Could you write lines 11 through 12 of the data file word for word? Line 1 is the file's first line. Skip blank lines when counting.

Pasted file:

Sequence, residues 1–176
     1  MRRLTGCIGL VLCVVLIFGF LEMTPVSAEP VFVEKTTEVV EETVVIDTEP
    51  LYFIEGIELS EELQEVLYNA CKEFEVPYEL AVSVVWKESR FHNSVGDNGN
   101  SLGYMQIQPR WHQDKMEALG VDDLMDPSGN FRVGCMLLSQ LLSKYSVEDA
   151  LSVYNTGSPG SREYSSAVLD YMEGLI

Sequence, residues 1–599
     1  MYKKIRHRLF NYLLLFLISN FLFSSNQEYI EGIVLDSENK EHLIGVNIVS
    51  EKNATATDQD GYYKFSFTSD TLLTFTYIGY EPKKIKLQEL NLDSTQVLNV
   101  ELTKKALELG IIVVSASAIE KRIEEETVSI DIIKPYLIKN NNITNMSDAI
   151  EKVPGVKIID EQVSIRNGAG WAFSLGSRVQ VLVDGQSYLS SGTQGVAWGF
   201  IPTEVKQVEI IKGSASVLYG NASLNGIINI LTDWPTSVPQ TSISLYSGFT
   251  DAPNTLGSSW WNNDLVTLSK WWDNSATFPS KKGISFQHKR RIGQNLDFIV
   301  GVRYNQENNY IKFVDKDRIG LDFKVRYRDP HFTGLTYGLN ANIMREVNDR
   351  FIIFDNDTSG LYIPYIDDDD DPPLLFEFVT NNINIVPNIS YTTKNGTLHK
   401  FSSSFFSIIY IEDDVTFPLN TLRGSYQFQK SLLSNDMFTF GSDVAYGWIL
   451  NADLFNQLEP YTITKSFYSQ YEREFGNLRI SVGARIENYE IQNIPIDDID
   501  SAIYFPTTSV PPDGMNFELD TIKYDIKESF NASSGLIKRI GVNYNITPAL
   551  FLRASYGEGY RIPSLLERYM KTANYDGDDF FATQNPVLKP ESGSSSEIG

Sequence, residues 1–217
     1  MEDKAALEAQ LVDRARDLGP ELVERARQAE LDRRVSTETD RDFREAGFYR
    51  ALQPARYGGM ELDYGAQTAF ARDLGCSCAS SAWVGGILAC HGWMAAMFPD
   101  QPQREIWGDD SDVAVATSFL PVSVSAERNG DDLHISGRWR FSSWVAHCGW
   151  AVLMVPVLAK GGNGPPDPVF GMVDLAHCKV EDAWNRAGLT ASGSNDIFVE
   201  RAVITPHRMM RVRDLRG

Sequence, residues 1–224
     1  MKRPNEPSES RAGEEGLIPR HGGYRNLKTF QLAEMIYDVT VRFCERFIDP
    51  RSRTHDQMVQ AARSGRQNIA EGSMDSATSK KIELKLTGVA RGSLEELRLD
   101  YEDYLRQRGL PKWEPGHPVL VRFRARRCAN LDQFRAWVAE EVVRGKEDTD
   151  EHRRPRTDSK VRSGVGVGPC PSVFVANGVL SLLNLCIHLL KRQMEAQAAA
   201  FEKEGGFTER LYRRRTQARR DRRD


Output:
   201  IPTEVKQVEI IKGSASVLYG NASLNGIINI LTDWPTSVPQ TSISLYSGFT
   251  DAPNTLGSSW WNNDLVTLSK WWDNSATFPS KKGISFQHKR RIGQNLDFIV